BRAZIL-US: Analysts Do Not Expect Much from Bush’s Visit
RIO DE JANEIRO, Nov 4 2005 (IPS) — Analysts do not expect anything significant to come of U.S. President George W. Bush’s visit to Brazil this weekend, which they say will merely confirm the smooth relations between the two countries’ leaders and their willingness to cooperate, despite the fact that they are at different ends of the ideological spectrum and have widely divergent political interests.
President Luiz Inácio Lula da Silva will treat Bush to a barbecue Sunday, while the Central Única dos Trabalhadores (CUT), Brazil’s largest trade union federation, which is close to the leftwing government, has joined together with other social movements to organise demonstrations in cities around Brazil from Friday to Sunday, to protest the U.S. president’s brief visit.
In interviews with Latin American journalists this week, Bush praised Lula – who he described as “an interesting man” – as well as the leadership role played by Brazil.
But observers have not forgotten that Brasilia opposed the U.S.-led invasion of Iraq, or that it was discrepancies between the United States and Brazil that blocked progress towards the creation of the Free Trade Area of the Americas (FTAA). Nor have they overlooked Lula’s good relations with leftist Washington nemeses like Venezuela’s Hugo Chávez and Cuba’s Fidel Castro.
Bush admitted to the Brazilian daily O Estado de Sao Paulo that he has differences with Lula, a former trade unionist. But he also pointed to “shared objectives,” like the fight against hunger and poverty, promoting democracy in Latin America, and cooperation in the World Trade Organisation (WTO) multilateral trade talks.
Despite their differences, the two countries are “condemned to maintain good relations, because of their reciprocal importance,” according to Luiz Alberto Moniz Bandeira, the author of several books on the history of inter-American ties.
Bush’s visit to Brazil after the two-day Summit of the Americas ends Saturday in Argentina “will be a formality, without major consequences,” because it is merely part of an attempt by the U.S. leader to show that he has not neglected Latin America, the analyst told IPS.
Washington sees Brazil as a reliable country thanks to economic policies that safeguard the interests of investors, but there are sectors in power in the United States that are upset with Lula’s foreign policy and thus do not want to see him reelected next year, said Moniz Bandeira.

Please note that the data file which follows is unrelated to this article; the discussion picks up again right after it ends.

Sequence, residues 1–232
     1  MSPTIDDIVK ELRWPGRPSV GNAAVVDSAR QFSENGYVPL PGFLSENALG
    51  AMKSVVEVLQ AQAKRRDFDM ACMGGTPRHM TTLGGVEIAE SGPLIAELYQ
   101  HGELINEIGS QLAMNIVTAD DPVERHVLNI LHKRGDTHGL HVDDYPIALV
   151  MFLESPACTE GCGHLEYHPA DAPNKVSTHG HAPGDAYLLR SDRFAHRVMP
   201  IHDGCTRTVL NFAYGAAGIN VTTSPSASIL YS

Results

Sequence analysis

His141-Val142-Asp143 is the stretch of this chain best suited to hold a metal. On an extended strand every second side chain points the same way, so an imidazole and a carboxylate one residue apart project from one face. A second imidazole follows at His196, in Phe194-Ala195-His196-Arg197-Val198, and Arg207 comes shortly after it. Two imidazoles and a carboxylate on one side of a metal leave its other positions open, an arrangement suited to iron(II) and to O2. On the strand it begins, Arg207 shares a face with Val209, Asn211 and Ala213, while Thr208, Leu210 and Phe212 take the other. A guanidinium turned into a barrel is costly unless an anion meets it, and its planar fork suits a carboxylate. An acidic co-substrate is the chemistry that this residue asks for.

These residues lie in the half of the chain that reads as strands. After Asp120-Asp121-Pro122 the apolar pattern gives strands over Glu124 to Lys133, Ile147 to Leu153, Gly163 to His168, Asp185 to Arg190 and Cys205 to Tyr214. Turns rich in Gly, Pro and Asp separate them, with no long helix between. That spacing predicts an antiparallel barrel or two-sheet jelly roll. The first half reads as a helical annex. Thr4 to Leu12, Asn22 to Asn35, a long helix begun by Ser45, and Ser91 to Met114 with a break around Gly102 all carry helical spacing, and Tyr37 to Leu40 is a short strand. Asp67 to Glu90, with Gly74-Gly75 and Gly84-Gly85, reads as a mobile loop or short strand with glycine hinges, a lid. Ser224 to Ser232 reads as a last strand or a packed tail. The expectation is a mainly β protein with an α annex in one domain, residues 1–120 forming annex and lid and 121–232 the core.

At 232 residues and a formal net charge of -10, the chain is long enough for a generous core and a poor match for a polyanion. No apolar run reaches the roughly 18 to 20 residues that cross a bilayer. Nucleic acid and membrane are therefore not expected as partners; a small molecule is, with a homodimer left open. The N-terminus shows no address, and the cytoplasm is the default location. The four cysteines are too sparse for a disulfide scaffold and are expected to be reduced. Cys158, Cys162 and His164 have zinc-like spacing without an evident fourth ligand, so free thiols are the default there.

The main problem that the United States has with the Lula administration would appear to be its warm ties with the Chávez government in Venezuela, which the Brazilian president has described as “excessively democratic” due to the number of elections held since the Venezuelan leader took office, and because his popularity was confirmed when he took just under 60 percent of the vote in a presidential recall referendum organised by the opposition.
But it is, precisely, the emergence of political leaders like Chávez and socialist presidential candidate Evo Morales in Bolivia – the popular indigenous leader of that country’s coca farmers – which has accentuated the importance that Washington ascribes to Lula and his leftist Workers Party government, say observers.
In the view of U.S. officials, Brazil plays an important role in maintaining political stability in the region, thus helping to safeguard democracy.
Brazil’s diplomacy has traditionally shunned radical positions and has been marked by a tendency to assume a moderating role, said Clovis Brigagao, director of the centre for studies on the Americas at the Candido Mendes University in Rio de Janeiro.
With a more complex society than that of Venezuela and other neighbouring countries, Brazil cannot “embark on adventures,” and Washington is aware of that, he remarked to IPS.
Brigagao also believes that “nothing big or decisive” will come out of Bush’s less than 24-hour visit to Brasilia.
He noted that shared interests between the two countries range from cooperation on law enforcement question, like the fight against drugs, to touchy issues like the use of the Alcántara satellite launch site in northern Brazil, and United Nations reforms.
He also underlined that Bush’s good relations with Lula do not guarantee Brazil the permanent spot on the U.N. Security Council that it is seeking.
On the trade front, the two countries have experienced disputes, like Brazil’s successful legal action against U.S. cotton subsidies in the WTO and the stalling of the FTAA process, he added.
But “a few centimetres” of progress could be made, for example, on the question of the Doha round of WTO trade talks in this weekend’s meetings between the two presidents, said Brigagao.
Lastly, the analyst joked, Bush and Lula could “share experiences” with respect to the scandals facing their governments, which have led to the resignation of several of their closest aides.
Security will be tight in Brasilia over the weekend, with 500 federal police officers and the armed forces providing protection for Bush, his wife Laura, Secretary of State Condoleezza Rice and the rest of the presidential party.
Sunday morning’s formal meeting between the two leaders will be followed by the barbeque that Lula traditionally offers his guests at his country house.